Late Paleozoic strike slip tectonics of the Northern Appalachians
Dwight Culver Bradley 1984
A dissertation submitted to the Faculty of the State University of New York at Albany in partial fulfillment of the requirements for the degree of Doctor of Philosophy
College of Science and Mathematics, Department of Geological Sciences
Advisors: J.F. Dewey and W.S.F. Kidd

During the interval between Devonian collision and Triassic rifting, the Northern Appalachians were the site of a wide, strike-slip plate boundary zone. Episodic motion on northeast- and east-trending faults resulted in the relative displacement of the Avalon and Meguma Terranes with respect to North America, and at the same time caused the subsidence and later deformation of about 25 more-or-less distinct sedimentary basins. The result is an exceedingly complex rock record characterized by along- and across-strike variations through regimes of pure strike slip, rapid and continuous basin subsidence, and local, compressional deformation.
A large body of geologic evidence (first synthesized by Webb, 1969) shows that during Carboniferous times, the sense of displacement was dextral, and its magnitude was in the range of a few hundred kilometers. On the other hand, recent paleomagnetic work (e.g. Kent and Opdyke, 1978) has suggested that about 2000 km of sinistral motion occurred in the Northern Appalachians during this interval. Accordingly, the first purpose of this study was to reexamine the geologic evidence bearing on the sense-of-motion question. Results of this analysis (Chapter 2) show (as Webb believed) that displacement (1) was dominantly dextral and (2) probably amounted to a few hundred kilometers. These dextral faults were moving precisely during that interval when the paleomagnetic evidence implies sinistral faulting. Furthermore, although Kent and Opdyke's interpretation of the paleomagnetic data absolutely requires the existence of a major left lateral fault, geologic links across all known faults in Newfoundland and New Brunswick show that none can have accomodated even a significant fraction of the required left-lateral motion. Another explanation of the paleomagnetic data must therefore be sought. One of the most striking features of this transform is the extent to which strike slip faulting was accompanied by basin subsidence. A survey of the 25 major sedimentary basins (Chapter 3 and Appendix 1) reveals a population of (1) pull-apart basins, including those that underwent late thermal subsidence (Magdalen), and those disrupted by later strike slip (Moncton); (2) basins bounded in part by thrust faults (Cumberland); (3) basins at strike slip fault intersections (Deer Lake); and (4) basins of unknown origin (Narragansett).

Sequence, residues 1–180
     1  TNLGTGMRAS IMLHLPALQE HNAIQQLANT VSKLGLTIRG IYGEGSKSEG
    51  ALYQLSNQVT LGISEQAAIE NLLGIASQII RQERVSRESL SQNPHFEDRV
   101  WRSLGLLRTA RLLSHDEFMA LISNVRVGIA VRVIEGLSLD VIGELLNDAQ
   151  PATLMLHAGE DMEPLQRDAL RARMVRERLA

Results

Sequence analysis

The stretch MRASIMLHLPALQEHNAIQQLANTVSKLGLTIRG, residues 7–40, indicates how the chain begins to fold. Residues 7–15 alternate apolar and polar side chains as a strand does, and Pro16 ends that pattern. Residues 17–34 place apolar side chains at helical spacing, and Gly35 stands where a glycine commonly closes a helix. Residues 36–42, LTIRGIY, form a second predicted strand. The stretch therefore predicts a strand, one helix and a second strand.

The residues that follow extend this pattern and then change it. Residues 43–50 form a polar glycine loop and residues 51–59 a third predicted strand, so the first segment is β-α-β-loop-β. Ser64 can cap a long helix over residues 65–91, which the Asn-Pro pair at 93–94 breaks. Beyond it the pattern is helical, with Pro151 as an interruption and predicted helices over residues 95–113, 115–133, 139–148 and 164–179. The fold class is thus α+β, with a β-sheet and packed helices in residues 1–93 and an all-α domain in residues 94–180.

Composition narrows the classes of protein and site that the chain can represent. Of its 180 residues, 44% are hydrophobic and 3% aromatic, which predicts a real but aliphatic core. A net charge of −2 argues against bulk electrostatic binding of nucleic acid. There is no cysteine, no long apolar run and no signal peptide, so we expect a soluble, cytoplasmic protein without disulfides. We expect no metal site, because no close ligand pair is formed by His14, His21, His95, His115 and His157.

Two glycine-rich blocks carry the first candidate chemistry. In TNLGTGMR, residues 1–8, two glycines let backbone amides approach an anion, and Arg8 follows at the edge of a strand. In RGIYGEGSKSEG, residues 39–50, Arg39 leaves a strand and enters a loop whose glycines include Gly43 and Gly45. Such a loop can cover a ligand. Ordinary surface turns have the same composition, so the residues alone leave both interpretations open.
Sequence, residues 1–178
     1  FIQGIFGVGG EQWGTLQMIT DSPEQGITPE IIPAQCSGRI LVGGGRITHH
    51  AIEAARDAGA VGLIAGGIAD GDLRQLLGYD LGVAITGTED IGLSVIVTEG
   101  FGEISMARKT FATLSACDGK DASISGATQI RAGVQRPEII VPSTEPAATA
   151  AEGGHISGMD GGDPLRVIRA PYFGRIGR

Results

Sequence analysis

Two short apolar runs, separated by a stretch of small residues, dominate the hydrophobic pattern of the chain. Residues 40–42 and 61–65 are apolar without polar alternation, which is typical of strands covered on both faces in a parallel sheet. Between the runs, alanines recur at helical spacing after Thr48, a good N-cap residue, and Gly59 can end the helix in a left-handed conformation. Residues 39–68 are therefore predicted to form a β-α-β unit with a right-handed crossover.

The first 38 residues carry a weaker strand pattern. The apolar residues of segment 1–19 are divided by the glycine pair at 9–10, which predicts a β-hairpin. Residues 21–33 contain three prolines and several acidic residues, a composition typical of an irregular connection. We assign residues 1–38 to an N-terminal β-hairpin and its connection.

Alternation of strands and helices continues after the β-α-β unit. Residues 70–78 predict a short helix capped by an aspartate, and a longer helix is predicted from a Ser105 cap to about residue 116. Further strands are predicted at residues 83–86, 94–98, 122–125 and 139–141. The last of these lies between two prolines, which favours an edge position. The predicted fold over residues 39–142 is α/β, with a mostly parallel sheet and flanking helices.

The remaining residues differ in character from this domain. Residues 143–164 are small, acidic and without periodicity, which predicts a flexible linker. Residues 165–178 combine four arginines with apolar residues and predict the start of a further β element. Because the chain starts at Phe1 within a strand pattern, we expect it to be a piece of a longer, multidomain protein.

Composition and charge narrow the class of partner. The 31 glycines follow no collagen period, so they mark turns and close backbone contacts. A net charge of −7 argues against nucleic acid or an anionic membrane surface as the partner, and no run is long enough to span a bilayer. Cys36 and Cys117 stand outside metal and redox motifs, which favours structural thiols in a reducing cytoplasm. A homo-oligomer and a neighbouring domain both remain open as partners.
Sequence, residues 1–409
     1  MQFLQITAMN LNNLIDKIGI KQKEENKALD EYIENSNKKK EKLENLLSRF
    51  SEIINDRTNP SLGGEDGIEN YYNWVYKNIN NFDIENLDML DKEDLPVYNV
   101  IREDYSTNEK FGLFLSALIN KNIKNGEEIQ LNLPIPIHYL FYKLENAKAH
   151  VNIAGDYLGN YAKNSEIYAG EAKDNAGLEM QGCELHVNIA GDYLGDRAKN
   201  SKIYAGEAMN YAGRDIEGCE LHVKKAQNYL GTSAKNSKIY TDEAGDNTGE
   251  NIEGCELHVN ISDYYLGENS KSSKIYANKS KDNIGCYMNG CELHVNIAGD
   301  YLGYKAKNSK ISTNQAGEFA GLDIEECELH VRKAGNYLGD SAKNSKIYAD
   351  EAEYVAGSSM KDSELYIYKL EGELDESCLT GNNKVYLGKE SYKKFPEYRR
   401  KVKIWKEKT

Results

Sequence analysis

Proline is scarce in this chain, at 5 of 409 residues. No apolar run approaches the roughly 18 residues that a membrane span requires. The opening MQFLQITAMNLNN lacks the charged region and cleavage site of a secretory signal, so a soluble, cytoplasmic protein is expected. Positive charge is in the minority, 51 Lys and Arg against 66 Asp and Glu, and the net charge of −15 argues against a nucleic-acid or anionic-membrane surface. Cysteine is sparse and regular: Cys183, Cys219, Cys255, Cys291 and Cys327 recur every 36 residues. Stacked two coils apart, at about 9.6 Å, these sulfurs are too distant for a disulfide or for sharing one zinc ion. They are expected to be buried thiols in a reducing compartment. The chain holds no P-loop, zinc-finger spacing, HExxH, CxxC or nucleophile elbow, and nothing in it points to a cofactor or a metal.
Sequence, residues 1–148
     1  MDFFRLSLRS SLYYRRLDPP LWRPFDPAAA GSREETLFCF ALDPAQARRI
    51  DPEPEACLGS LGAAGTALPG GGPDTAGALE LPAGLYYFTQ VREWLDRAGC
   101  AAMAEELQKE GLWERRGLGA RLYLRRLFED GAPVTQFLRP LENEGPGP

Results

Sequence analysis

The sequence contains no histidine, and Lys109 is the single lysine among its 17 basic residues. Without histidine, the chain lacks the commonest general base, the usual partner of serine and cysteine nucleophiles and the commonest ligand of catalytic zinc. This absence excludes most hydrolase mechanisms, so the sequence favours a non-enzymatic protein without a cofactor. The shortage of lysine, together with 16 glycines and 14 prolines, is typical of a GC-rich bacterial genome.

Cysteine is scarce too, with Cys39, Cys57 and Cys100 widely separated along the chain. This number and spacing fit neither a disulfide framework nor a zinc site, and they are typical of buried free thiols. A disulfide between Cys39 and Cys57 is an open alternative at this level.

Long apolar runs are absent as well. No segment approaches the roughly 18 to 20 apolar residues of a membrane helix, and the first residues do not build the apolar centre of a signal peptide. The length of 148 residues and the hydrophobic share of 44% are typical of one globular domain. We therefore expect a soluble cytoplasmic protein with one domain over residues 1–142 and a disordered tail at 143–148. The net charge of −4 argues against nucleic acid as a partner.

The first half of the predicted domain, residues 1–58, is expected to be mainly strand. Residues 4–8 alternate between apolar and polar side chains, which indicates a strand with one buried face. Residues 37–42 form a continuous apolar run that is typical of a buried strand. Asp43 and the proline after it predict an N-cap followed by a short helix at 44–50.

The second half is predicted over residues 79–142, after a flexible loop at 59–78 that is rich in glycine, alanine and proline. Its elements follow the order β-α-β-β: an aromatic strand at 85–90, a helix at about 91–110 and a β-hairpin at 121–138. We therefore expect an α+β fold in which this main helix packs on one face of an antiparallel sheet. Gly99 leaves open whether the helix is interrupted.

Field studies of two Carboniferous sedimentary basins in Cape Breton Island (Chapters 4 and 5) are consistent with regional evidence that basin subsidence was driven by dextral faulting. Mapping at 1:10,000 in the Big Pond Basin indicates that it is a dextral pull apart that formed during Visean times at a right step in the newly recognized Big Pond fault zone. Although the origin of the Bay St. Lawrence Basin is less obvious, 1:12,000 mapping along the eastern margin shows that subsidence in early and medial Carboniferous was associated with at least 3 km of dextral slip on the St. Lawrence fault.
The ultimate goal in a strike slip system such as this is the construction of a set of palinspastic, paleogeographic maps illustrating the evolving relationships between faulting and sedimentation (Chapter 6). While the displacement histories of most faults in the Canadian Appalachians are still inadequately understood, this goal will be within reach after a few well focussed field seasons.

Bradley, D.C., 1984. Late Paleozoic strike slip tectonics of the Northern Appalachians. Unpublished PhD dissertation, State University of New York at Albany. 286pp., +xiv; 3 folded plates (maps)
University at Albany Science Library call number:  SCIENCE MIC Film QE 40 Z899 1984 B72
Copies of this PhD dissertation can be ordered from Proquest UMI

        Front matter (title, table of contents, abstract, acknowledgements) - 0.4MB pdf file
        Photo pages in dissertation (greyscale photos with captions): - 7MB pdf file

        Plate 1 (1.1) - Geologic/tectonic map of the Upper Paleozoic of the Northern Appalachians
                    (uncoloured geological map, scale 1:1,000,000)
        Plate 2 (4.1) - Geologic map of the Big Pond Basin, Cape Breton Island
                    (uncoloured geological outcrop map and cross sections, scale 1:10,000)
        Plate 3 (5.1) - Geologic map of the Bay St. Lawrence Basin, Cape Breton Island, Nova Scotia
                    (uncoloured geological outcrop map and cross sections, scale 1:12,300)

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